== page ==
Farmer Focus: Opportunity for local food after the pandemic

Rainfall in May was non-existent and although our spring crops are desperate for a drink, the glorious weather has enabled us to complete all our spring hoeing and under-sowing.

Those small seeds are now waiting for a June splash to get them on their way to start building fertility in our soils.

As farmers we have been so incredibly lucky during this difficult time, being able to get on with our work and in my case have had some extra time to contemplate how I would like my life to change after the pandemic.

See also: Is bruchid beetle making spring beans less attractive?

I was one of the 480-plus people who completed a survey by the Food, Farming and Countryside Commission on Learning From the Lockdown. 

The survey showed that 93% wanted more investment in short or local food supply chains. We have certainly changed the way that we shop, spending more on better quality food from the UK, ideally from Suffolk and organic if available.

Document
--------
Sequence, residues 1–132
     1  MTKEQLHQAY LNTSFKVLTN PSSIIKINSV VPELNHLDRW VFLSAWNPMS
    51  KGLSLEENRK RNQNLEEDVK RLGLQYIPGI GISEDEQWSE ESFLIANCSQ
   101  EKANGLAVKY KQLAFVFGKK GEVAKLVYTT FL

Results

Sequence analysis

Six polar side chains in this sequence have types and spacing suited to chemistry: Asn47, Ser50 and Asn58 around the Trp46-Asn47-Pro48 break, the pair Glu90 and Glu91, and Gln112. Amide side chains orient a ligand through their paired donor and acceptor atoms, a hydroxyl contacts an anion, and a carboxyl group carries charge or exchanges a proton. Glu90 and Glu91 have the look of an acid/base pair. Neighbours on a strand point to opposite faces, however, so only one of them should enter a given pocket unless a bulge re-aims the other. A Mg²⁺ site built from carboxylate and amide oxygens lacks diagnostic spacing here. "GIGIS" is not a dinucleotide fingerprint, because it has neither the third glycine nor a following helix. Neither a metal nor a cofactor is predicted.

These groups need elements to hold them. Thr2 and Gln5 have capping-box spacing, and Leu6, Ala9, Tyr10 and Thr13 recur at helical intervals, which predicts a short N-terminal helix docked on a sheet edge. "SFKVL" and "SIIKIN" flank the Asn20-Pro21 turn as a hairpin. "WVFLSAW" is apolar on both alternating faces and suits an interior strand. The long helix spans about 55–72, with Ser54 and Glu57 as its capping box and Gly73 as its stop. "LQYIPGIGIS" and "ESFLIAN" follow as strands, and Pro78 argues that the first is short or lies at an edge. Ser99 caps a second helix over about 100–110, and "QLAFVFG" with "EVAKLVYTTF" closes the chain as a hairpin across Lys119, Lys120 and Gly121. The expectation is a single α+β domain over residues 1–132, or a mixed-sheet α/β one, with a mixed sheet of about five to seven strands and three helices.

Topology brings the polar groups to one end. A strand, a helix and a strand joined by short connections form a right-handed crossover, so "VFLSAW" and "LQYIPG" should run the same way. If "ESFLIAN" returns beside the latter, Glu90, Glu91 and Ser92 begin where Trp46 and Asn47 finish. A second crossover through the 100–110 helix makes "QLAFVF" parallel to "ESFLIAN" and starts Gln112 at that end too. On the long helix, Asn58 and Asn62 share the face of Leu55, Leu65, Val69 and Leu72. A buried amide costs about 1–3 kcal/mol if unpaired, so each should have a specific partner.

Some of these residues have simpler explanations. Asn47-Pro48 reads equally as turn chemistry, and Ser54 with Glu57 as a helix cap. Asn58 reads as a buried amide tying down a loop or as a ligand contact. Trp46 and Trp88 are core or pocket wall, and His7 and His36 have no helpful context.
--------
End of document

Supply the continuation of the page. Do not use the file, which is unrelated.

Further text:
The survey also said the lockdown showed that the UK’s food system had the capacity for rapid and transformative change. A friend of mine and co-founder of ChalkStream were supplying all of their trout into the foodservice sector, which was completely wiped out on 23 March.

Within the space of two months they changed their business model and now sell 50% direct to new online customers with the remainder going to farm and village shops.

Not one person who completed the survey said they wanted their life to go back to how it was before, and ChalkSteam has certainly captured the zeitgeist of the lockdown. 

We all have a chance to change our business model to engage with our customers who want their lives to be different. Get busy.